Monoprice MP Select Mini – Monoprice is also making its debut in the guide this year with its MP Select Mini, which was also rated an 8.6. The 3D printer costs less than $230 and arrives fully assembled, as it’s calibrated at the factory before being sent out. The entry-level 3D printer also comes equipped with WiFi, which is usually reserved for higher-end machines, but users dislike its small size, and the fact that it’s not open source.
The Plug ‘n’ Play 3D printer category of the guide consists of easy-to-use 3D printers that require minimal set-up and offer great customer support and print quality; however, the trade-off here is less room to tinker with and modify the machines. The top-rated Plug ‘n’ Play 3D printer is, for the second year in a row, the Craftbot PLUS, enjoying a higher rating of 9.2 thanks to its excellent, proprietary slicing software and color touchscreen.
“I have been supremely happy with the Craftbot PLUS,” one reviewer stated. “Many of the downsides of 3D printing that I researched just did not materialize with this printer. It worked out of the box with absolutely no tweaking required. Its metal body is rock solid. The CraftWare Software is among the easiest I’ve ever used.”
Other highly rated 3D printers in this guide category include:
LulzBot Mini – This 3D printer, which was dubbed the Easiest Machine to Use by 3D Hubs’ Individual Attribute awards, was rated a 9.1 and is good for beginner and intermediate users. The entry-level FDM Mini has a self-cleaning nozzle, an auto-leveling bed, and an all-metal hot end. While one reviewer lamented its need to be constantly connected to a computer, it seems the rest of the LulzBot community on 3D Hubs found a workaround to this issue in a Raspberry Pi that runs Octoprint.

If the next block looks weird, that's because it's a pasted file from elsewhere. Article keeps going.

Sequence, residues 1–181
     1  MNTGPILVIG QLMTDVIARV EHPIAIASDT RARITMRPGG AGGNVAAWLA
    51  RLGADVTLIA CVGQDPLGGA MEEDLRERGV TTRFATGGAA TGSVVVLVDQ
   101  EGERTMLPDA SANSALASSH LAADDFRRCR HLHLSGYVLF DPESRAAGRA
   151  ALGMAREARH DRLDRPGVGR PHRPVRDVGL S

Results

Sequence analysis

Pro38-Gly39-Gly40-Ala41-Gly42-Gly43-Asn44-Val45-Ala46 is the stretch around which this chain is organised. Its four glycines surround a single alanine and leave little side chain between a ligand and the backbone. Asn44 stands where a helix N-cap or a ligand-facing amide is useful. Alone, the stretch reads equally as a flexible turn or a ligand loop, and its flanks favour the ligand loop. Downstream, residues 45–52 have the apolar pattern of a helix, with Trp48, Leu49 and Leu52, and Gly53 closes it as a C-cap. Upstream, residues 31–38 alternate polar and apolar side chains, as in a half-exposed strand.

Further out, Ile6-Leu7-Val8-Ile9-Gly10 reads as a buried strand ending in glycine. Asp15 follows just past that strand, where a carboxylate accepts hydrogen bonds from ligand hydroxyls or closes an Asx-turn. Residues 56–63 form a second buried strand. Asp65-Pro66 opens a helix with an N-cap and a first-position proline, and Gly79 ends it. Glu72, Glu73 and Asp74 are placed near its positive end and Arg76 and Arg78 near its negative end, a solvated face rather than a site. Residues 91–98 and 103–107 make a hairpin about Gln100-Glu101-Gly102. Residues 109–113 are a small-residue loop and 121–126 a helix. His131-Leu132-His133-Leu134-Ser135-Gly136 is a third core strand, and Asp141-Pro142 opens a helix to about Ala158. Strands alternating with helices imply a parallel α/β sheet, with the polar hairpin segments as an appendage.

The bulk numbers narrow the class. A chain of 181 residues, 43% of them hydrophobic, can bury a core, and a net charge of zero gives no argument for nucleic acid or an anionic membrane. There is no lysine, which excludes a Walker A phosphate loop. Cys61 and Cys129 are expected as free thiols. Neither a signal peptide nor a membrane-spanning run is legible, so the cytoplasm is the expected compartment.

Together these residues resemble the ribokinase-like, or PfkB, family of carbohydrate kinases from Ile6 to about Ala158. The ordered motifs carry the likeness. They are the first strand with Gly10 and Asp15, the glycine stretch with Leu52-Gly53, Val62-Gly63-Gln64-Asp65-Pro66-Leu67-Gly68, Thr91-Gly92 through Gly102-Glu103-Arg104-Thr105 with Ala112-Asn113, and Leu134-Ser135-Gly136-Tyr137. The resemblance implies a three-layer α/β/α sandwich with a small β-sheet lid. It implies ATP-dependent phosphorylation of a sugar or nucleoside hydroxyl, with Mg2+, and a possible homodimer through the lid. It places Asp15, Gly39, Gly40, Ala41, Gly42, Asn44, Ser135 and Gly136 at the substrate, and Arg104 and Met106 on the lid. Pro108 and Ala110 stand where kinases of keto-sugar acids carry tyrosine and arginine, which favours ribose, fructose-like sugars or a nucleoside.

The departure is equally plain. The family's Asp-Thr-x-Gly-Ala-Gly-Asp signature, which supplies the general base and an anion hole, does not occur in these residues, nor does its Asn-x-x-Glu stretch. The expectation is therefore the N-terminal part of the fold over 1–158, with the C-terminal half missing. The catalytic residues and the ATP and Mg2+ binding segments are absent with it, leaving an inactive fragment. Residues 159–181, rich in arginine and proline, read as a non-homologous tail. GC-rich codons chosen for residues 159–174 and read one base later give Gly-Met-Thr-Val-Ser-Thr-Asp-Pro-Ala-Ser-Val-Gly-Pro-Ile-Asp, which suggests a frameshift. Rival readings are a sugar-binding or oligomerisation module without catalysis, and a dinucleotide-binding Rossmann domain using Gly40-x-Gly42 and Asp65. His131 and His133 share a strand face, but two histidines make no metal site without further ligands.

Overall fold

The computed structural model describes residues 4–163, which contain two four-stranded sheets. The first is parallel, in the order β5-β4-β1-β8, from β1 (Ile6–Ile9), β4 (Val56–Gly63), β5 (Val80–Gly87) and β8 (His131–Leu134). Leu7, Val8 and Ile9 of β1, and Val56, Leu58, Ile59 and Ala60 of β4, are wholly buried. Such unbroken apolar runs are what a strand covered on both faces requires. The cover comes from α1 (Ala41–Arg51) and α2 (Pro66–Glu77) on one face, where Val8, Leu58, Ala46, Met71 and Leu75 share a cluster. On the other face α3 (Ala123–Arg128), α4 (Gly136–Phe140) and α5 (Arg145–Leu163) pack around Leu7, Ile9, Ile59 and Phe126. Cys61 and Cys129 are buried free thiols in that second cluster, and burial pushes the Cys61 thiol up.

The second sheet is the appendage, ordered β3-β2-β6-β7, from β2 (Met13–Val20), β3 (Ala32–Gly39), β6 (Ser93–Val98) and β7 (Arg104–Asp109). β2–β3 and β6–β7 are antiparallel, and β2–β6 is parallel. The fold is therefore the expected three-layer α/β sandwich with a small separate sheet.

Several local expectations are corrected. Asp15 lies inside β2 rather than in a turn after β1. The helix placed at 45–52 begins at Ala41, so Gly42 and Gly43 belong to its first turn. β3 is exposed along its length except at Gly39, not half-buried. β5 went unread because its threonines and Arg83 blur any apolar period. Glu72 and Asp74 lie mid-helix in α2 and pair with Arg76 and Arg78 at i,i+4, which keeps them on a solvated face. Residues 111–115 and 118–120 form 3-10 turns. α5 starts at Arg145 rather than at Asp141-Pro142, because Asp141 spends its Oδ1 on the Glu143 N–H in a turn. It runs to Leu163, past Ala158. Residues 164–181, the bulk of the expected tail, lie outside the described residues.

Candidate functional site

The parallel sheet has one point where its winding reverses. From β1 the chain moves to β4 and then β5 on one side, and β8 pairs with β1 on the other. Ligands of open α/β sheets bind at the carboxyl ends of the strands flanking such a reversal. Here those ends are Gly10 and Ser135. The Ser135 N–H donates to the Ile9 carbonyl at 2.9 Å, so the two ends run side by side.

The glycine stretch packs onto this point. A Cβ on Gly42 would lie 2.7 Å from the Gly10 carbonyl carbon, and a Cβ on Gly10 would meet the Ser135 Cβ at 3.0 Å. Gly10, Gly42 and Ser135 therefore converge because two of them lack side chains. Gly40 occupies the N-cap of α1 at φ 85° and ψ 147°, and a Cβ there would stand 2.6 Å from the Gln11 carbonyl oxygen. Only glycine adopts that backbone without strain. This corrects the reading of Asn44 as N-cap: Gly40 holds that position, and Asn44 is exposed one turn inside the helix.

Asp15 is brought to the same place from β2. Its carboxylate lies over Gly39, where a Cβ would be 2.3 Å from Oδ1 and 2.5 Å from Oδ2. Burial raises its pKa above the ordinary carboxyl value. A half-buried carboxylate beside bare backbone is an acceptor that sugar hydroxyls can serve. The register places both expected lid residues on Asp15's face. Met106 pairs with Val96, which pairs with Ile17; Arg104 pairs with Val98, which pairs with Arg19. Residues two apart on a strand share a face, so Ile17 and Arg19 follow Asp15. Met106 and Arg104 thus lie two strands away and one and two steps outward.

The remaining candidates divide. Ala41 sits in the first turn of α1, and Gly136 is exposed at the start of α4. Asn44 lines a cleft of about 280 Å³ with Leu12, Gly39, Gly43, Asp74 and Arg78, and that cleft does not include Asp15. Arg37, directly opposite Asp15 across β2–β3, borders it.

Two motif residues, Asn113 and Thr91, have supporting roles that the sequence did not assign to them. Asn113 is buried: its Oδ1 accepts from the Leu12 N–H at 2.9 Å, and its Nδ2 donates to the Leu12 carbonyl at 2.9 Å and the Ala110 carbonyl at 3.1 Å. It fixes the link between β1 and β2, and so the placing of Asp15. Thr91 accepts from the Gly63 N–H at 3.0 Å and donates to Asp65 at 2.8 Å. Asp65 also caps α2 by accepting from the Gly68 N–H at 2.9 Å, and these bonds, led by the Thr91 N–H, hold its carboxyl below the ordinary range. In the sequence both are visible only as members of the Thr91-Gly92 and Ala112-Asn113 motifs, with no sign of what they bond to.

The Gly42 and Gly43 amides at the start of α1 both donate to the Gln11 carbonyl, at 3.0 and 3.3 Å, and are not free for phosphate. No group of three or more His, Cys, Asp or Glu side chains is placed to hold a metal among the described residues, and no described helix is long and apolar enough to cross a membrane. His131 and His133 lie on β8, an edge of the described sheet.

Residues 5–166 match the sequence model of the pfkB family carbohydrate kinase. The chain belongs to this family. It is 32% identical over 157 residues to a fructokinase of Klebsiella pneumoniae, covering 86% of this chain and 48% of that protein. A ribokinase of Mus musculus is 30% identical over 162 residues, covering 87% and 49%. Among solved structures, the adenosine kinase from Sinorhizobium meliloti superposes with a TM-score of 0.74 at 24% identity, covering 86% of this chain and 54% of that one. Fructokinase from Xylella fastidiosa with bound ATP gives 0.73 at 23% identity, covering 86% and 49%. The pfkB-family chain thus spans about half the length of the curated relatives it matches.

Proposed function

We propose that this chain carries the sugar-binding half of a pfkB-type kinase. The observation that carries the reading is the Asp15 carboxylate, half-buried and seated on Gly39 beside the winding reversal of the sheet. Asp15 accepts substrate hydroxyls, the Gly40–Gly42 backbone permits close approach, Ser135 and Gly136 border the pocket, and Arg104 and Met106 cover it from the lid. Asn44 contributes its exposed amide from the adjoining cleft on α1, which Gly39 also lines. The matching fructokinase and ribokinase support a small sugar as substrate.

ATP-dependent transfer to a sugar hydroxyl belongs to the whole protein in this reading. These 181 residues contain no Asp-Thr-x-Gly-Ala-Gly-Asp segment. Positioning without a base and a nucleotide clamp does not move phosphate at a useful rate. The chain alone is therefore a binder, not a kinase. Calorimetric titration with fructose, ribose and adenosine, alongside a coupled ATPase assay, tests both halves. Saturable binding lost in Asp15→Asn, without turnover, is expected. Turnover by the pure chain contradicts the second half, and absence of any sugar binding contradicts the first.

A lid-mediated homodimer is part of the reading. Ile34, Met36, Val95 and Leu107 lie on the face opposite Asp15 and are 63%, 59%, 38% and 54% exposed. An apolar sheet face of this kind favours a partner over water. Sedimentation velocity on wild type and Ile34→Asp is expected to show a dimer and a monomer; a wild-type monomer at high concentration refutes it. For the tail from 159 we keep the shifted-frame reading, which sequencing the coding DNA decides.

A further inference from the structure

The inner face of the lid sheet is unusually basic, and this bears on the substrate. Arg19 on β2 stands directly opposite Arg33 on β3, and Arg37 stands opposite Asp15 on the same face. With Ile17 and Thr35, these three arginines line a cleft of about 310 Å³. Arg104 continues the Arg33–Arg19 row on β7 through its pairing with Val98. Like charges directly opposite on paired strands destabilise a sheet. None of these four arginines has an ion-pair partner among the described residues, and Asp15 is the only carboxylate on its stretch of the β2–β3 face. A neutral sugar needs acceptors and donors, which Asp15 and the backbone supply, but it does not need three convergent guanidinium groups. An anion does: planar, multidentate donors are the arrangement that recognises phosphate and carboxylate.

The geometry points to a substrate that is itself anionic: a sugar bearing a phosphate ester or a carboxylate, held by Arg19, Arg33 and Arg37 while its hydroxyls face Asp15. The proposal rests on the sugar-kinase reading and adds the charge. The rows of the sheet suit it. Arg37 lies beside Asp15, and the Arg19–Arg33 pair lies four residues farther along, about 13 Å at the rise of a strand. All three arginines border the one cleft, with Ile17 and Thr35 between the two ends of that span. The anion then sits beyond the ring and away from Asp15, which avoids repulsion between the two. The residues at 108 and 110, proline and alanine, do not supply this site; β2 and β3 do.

FlashForge Finder – Due to its $399 price tag, this 3D printer, rated a 9.0, could be at home in the budget category, but was placed in Plug ‘n’ Play due to its ease of use, and was described by users as the “epitome of Plug ‘n’ Play.” It features an open, compact frame, which makes the build volume a little small at 140 x 140 x 140 mm, but more than makes up for this shortcoming with reliably high-quality prints.
Zortrax M200 – Formerly in the Prosumer category, the 9.0-rated M200 switched to Plug ‘n’ Play this year due to the guide’s weighting: reliability, ease of use, and print quality rank higher than support and value/cost in this category. This 3D printer’s easy calibration solidified its placement, and while users list its lack of hackability as one of its cons, M200 users said “their lack of failed prints” more than made up for this shortcoming in the end.
As for SLS 3D printers, the Formiga P110 by EOS takes the cake in the category that covers the most used industrial 3D printing technology on the 3D Hubs platform. The company reports that hundreds of industrial bureaus were surveyed before landing on the 8.3-rated P110 as the highest rated SLS 3D printer, which, according to 3D Hubs, shows that older 3D printing technology “can still give operators a great experience.”
The P110 has a respectable 200 x 250 x 330 mm build volume, and uses EOS’ well-optimized SLS technology to achieve cost-effective, low volume printing at a high quality. As this industrial 3D printer can only print with recyclable polyamide (PA) material, the color selection is a little limited, so it’s not a great choice for full-color prototypes; however, it is perfect for manufacturing parts with complex geometries and medium prototype builds.
Let us know what you think about these top-rated 3D printers, and other 3D printing topics, at 3DPrintBoard.com or share your thoughts in the Facebook comments below.